Saving the best [or perhaps the worst] for last is the absolute deplorable choice of mothers to inflict harm upon the development of their unborn children through premature birth. These mothers are choosing to subject their children to potential life threatening conditions in addition to long term health and development adversities. Elective inductions prior to full-term increase the probability of cesarean section, respiratory distress and cognitive deficiencies as well as behavioural difficulties. Babies delivered at 35 weeks as opposed to full term have brains that are one-third less in weight.

The plan of the Indiana Department of Health includes reducing smoking and obesity while promoting and increasing safe sleep practices and breastfeeding.

The benefits of breastfeeding to both mother and child are overwhelming. Yet we still have a high proportion of mothers who choose not to breastfeed or seek to prematurely ween the child [prior to three years of age]. Latinos have the highest rate of breastfeeding while blacks have the lowest. I suspected that there would be a correlation between prenatal care in the first trimester and breastfeeding – surmising that both reflected the same lack of care. This did not hold true though. Mothers who chose to receive prenatal care by race/ethnicity are Black 56%, Latino 57%, and White 70%.

Even with lower prenatal care rates Latino women do not give birth to children with nearly the adverse effects that black women do. The adverse effects still exist when standardized for education level. Black college educated women have more than double the rate of low birth weight as compared to white women. The rate is also much higher than that for Latinos.

One of the factors that I thought would be a major contributor to infant mortality was lack of father involvement. Although it was not mentioned during the presentations it was in my later conversations with the participants who confirmed the suspected correlations. The data on marriage seems to confirm this. Although there are unmarried parents who function and support each other and their children, both born and unborn, better than married parents the norm for unmarried parents is a lack of father involvement in the pregnancy which declines over the lifetime of the child. The rates of unmarried parents are; Black 79.9%, Latino 48.6%, and White 37.8%.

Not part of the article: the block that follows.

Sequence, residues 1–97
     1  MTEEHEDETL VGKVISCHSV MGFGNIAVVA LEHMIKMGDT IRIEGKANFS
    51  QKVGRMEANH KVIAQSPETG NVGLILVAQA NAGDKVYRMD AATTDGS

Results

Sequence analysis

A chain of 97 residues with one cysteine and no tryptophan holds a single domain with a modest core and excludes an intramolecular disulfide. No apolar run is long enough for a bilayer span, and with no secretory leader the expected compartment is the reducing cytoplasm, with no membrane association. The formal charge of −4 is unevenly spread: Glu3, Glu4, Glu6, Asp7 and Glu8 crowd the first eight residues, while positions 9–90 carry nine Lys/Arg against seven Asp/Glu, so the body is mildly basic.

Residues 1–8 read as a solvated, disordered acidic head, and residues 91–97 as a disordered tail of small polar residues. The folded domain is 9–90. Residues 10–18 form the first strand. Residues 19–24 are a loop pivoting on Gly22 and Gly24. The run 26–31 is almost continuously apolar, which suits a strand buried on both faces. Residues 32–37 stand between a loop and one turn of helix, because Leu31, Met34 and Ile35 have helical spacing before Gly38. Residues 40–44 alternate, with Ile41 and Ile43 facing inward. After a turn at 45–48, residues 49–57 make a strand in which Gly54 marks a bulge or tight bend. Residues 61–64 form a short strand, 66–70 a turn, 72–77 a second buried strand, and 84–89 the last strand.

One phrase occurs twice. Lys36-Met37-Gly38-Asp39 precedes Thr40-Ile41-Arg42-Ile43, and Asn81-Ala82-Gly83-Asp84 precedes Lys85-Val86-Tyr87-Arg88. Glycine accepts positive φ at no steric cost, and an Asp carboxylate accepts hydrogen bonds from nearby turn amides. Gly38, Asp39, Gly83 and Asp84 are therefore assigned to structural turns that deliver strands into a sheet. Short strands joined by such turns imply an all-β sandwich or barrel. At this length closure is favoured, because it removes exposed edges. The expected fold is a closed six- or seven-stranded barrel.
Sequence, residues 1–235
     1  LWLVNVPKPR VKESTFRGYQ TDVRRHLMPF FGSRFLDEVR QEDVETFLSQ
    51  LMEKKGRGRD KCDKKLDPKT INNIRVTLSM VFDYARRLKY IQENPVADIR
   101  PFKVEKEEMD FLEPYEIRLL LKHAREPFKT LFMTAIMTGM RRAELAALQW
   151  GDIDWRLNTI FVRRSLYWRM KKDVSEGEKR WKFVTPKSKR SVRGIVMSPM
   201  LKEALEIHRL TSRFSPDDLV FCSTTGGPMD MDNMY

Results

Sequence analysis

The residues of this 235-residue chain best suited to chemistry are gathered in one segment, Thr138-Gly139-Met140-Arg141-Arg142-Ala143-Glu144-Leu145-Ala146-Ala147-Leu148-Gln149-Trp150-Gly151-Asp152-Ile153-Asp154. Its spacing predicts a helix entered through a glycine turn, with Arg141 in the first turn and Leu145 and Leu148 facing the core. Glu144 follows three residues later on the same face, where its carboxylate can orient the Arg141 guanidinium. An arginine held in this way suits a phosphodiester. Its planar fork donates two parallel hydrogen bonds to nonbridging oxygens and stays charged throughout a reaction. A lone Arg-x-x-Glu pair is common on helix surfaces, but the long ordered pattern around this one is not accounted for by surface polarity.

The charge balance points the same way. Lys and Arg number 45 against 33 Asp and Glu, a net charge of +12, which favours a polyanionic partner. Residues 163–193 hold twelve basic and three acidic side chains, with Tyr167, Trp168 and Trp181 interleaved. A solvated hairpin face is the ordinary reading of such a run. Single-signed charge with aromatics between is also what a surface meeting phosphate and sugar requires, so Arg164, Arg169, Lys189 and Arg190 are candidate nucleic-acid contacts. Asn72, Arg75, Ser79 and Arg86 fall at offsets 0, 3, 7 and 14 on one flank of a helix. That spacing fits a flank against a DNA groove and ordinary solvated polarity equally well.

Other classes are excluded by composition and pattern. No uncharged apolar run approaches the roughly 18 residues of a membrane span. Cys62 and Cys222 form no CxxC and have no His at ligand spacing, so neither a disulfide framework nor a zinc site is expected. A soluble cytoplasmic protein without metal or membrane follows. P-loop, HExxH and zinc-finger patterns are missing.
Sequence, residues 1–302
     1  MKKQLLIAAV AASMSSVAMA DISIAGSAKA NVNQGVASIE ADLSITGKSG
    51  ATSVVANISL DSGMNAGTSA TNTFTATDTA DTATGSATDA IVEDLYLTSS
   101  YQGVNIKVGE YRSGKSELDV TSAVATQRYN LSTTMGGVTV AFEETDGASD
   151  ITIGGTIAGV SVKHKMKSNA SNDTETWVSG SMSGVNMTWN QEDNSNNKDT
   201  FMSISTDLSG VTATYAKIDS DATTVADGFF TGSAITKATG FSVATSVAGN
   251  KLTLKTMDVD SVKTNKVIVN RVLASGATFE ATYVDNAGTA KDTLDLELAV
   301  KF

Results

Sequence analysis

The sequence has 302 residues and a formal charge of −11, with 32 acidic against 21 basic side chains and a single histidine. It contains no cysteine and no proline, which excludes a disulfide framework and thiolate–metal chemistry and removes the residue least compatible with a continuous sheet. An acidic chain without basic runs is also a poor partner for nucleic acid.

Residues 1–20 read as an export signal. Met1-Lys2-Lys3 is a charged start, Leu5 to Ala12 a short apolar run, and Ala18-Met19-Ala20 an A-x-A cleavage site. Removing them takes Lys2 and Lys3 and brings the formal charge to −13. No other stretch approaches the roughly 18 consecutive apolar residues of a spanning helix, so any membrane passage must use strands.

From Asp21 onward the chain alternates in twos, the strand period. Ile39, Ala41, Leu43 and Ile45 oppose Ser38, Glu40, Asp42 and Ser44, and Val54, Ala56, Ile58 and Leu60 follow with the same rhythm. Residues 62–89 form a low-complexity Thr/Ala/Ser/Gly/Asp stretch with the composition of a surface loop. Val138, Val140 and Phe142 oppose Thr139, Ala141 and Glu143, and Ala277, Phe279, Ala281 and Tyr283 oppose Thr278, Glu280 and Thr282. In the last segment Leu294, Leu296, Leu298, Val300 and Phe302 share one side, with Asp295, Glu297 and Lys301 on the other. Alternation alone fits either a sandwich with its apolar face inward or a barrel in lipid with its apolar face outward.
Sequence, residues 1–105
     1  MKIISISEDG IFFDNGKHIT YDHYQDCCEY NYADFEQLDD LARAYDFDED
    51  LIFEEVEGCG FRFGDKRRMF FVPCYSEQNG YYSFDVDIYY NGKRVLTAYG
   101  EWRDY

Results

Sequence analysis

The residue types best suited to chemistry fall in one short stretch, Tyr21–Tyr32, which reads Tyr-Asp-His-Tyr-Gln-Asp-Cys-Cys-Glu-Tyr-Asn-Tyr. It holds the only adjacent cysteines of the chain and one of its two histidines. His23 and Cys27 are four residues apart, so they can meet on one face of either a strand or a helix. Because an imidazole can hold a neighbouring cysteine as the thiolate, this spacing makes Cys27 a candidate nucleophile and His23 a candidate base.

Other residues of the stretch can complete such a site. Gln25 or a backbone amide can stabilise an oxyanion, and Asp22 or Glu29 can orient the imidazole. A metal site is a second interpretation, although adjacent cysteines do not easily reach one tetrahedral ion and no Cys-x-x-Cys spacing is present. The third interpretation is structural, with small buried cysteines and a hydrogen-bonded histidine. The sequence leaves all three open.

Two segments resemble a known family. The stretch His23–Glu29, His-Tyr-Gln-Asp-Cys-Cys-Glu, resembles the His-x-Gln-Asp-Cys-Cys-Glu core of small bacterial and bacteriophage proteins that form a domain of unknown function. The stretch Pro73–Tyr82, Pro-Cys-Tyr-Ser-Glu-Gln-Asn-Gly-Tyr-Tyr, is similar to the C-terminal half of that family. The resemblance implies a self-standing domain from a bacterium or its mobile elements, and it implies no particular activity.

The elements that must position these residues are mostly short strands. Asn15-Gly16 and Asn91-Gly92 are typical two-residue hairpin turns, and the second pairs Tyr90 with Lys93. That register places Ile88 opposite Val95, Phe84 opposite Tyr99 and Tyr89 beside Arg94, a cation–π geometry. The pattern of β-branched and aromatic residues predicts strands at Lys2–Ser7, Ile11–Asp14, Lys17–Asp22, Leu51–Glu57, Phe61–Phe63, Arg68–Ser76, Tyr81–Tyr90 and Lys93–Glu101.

I came away from the Summit being reassured that the harms which befall the unborn children and those in their first year are nearly all preventable and are the result of the decisions made by parents. As with most harms that parents inflict upon their children, infant mortality is just another of the acceptable consequences that parents often feel is the result of the inconvenience that would be imposed upon them if they were to make logical lifestyle decisions that demonstrated love for their children.

Governor pence had some poignant remarks about the infant mortality issue. In emphasizing the importance of father involvement he said, “I have a PhD in D-A-D” and provided related anecdotes. He challenged participants to “think fresh about how we confront this challenge” and cautioned that “government will not do this alone.”

While infant mortality is usually the result of choice it is not nearly as often as intent. Those who made the choice to subject their babies to the potential for death still feel the heartbreak of that loss. I trust that I have provided some information here that can give you the knowledge to make responsible choices and to help those who are pregnant or plan to become so do the same. As Governor Pence said, “This is not about reducing numbers but about reducing heartbreak.”

If your client is a father in a paternity or dissolution action wanting to be more involved in the life and well-being of his child then please visit my website and contact my scheduler to make an appointment to meet with me. There is no charge for initial attorney consultations.

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©2008, 2013 Stuart Showalter, LLC. Permission is granted to all non-commercial entities to reproduce this article in it's entirety with credit given.